Balag of BALAG: the Installation Art in a Musical
At first, the larger-than-life crisscrossed balag that framed the audiences as they walked inside the auditorium were for aesthetics. But the moment the stage design and the spatial intervention in the audience area were exposed, and the narrative of the play unfolded, through dialogue, music, and movement, balag became conceptual. It was the super-structure, both material and abstract, of balag that contained the sub-structures of ambition, struggles, protest, love, death, immersion, and representation.
For this conceptual rendering, BALAG–written by Layeta Bucoy, directed by Elmer Rufo, music and live band by Nina Virgin, and presented by Sigma Theta Delta and UPLB Demolay Club– had an imposing presence.
Ambition that cuts the paternal cord
On his 17th birthday, Junyee (Rafael Canillas) excitedly tells his father, Luis (Gio Maningas), his ambition of pursuing a career in Fine Arts. Wanting his son to take a business-related course, Luis is enraged by Junyee’s decision, and warns him of cutting the father and son tie. Seeing the implications of the situation, Felisa (Raia Salvador), pleads her husband to retract his words, but to no avail. Junyee leaves home.
Struggles at the funeral parlor
Junyee renders mortuary services to survive. At the funeral parlor owned by the Chinese, Mr. Chua (Gab Carreon), Junyee gets ill. Mr. Chua is frightened by Junyee’s condition, and orders him to leave. Aided by his friend, Pilar (Anna Escobia), Junyee begs Mr. Chua to keep him. The task of persuading seems difficult for the two as Nardo (Gabriel Aldrin Mendoza) spits invectives at them. But Mr. Chua has a change of heart when Junyee tells him that he was disowned by his father. Mr. Chua finally decides that Junyee works as a make-up artist at the mortuary after seeing Junyee’s painting of his mother.
Balag, the installation art protest
While studying at University of the Philippines Diliman as a Fine Arts student, Junyee builds Balag, an installation art protest against the prevailing Martial Law. Balag has captured the attention of multitude who hang different objects to express their sentiments against the political turmoil of the time.
Balag is a historical installation that brought to the awareness of people that art could be used as a platform for protest, and that the sentiments of the people are essential part of it.
Two brands of love
At the University of the Philippines Los Banos, Junyee distributes copies of the Collegian for his organization, Kapatirang Plebeians. At UPLB, he meets Tess (Kathleen Galula) who is applying for membership. In her reporting to Junyee, Tess bares her affection for Junyee which he reluctantly accepts for fear of making life uncomfortable for her. Tess tells Junyee that she is willing to live a difficult life as love is for the brave, unafraid to face life’s trials. Junyee retorts that love could not bear to see the loveone in pain.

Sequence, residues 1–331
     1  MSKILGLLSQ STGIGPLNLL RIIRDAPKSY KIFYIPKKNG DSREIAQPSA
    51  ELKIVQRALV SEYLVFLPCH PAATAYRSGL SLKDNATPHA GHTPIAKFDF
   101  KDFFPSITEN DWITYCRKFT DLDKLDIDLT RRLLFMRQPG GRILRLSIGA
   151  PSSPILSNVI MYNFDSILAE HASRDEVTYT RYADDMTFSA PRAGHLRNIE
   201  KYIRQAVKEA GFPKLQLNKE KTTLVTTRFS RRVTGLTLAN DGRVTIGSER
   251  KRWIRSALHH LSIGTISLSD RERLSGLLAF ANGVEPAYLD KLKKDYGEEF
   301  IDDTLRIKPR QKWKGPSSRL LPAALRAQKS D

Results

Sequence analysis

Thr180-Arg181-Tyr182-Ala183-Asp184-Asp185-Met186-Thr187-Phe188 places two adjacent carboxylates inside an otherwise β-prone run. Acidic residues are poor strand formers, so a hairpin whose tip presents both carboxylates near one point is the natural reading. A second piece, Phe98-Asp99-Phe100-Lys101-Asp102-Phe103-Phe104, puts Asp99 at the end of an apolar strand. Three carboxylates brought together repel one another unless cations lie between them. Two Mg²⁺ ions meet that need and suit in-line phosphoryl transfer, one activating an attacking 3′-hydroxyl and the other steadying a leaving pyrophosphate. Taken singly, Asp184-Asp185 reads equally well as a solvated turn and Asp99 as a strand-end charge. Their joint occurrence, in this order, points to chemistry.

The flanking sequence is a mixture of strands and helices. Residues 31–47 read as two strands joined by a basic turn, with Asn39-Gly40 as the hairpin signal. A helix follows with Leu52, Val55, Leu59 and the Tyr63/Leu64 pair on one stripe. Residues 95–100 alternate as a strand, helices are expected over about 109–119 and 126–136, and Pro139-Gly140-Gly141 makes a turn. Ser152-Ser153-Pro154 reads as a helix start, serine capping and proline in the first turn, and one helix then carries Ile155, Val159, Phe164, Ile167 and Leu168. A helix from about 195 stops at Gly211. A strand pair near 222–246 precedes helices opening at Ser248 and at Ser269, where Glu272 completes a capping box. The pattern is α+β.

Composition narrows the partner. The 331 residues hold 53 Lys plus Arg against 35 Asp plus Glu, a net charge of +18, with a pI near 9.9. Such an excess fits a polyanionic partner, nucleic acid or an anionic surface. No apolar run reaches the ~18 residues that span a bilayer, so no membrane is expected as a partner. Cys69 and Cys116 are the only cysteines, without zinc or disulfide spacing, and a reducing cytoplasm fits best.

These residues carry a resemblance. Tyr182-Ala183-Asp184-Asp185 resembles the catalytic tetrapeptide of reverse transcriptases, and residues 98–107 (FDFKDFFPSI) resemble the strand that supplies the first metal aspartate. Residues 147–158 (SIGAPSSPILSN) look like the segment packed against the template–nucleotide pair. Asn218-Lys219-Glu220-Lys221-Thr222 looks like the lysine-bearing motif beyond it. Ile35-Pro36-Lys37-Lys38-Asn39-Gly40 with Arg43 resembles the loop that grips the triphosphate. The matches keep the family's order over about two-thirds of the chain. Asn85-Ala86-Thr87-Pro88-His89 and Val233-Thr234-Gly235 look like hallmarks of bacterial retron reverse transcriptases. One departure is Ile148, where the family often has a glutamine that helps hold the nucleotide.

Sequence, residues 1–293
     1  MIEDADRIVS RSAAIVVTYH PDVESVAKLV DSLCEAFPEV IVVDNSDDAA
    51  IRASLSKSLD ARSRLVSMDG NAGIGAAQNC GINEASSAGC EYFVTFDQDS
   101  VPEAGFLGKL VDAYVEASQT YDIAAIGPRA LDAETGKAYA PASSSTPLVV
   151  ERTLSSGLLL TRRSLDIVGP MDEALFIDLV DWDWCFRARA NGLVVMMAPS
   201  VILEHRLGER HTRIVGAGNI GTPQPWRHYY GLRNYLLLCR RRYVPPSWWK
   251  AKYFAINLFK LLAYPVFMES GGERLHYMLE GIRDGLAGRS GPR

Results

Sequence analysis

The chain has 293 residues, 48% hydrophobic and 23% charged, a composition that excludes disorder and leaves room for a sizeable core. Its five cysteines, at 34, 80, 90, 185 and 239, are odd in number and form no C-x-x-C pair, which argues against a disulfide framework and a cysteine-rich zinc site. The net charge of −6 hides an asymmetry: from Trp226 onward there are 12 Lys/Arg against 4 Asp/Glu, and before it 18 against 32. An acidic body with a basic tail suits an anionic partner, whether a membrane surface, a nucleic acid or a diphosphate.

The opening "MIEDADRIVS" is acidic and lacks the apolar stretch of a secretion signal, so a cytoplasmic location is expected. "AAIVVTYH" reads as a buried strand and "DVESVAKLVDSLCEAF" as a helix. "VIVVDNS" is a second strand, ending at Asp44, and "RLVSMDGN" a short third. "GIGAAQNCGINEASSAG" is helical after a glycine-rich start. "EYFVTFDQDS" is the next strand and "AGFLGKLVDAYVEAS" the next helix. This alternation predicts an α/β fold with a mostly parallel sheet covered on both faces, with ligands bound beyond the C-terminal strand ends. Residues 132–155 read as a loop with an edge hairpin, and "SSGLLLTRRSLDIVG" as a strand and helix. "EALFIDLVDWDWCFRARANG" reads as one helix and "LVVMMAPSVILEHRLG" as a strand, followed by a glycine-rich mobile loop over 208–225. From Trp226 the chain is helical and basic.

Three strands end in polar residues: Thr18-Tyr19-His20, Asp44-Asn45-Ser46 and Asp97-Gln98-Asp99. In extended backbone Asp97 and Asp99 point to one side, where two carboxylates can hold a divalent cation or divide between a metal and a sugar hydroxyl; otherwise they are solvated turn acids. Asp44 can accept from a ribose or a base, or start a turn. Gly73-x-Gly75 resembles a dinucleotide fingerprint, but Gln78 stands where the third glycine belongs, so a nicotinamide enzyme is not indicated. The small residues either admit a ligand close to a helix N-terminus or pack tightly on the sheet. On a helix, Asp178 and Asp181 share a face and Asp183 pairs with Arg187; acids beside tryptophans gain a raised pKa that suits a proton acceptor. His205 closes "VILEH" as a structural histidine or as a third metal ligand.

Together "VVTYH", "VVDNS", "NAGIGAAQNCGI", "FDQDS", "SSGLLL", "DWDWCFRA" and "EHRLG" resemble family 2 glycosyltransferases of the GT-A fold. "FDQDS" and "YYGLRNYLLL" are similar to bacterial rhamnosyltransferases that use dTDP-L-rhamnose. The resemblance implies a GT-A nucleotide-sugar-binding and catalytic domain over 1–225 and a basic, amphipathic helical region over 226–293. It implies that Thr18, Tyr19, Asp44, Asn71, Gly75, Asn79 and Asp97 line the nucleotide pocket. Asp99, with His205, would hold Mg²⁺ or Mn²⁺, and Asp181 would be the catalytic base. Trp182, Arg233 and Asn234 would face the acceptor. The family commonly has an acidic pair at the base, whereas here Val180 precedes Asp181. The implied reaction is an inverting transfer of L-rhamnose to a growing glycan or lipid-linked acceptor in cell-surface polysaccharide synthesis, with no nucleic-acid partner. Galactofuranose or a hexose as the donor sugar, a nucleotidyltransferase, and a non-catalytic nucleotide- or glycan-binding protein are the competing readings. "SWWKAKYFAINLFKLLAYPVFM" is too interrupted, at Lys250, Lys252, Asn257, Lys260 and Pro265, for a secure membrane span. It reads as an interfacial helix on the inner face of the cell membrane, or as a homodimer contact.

The divergent views about love is united by the matrimonial cord.
Deaths that haunt the matrimonial bed
Junyee’s matrimonial sleep is haunted by the deaths of friends, including Pilar, who were killed during Martial Law. Pilar who has unrequited love for Junyee joined the kilusan at the time when there is no hope for her to win Junyee’s affection. In a radio news, it is reported that Pilar is killed during an encounter with the military.
Pilar re-appears on stage in cold flesh to tell Junyee that he has become selfish again. The eeriness of the scene is created as Pilar seems to speak through Tess. Seeing her husband in distress, Tess comforts Junyee by reminding him of Balag he created. Tess convinces Junyee to open it again, to allow her become part of it, part of his creation, part of his life.
The immersive BALAG
The concept of setting-up balag at the entrance of NCAS Auditorium is a foreshadowing of an immersive theater experience. It semaphores the idea that audiences will take part in the construction of the total theatrical experience. This participation is unveiled as Junyee encourages the audiences to write their sentiments on pieces of paper. which they could post on the balag surrounding them.
Immersion in the play is strategized by breaking the imaginary fourth wall that separates the performers from the audiences. The entrance of Junyee from the audience area at the early part of the play, the scenes outside the proscenium stage, and the public address of Junyee have made the imaginary wall non-existent.
Representationalism in BALAG
Representationalism in staging exposes creative ways of signifying realities.
The birthday celebration of the protagonist, which is the opening scene, is made festive and colorful through the skillful manipulation of lighting and of the chorus playing non-human roles – chair, table, food, fruits, and utensils. Costumes, headdresses and hand props are installations of different materials – indigenous, plastic, recycled, rubber, and textile. Sculptural pieces are represented by installations of bamboos and pantomimic movement. Funeral parlor is simulated by filling rectangular structures made of bamboos with makeshift corpses. Changes in time and space occur in a unit set through addition of stage properties, variations of movement, as well as shifts in lighting composition.
The impact that balag had created during Martial Law had reverberated in the musical, BALAG, that re-staging has to be another theatrical structure.
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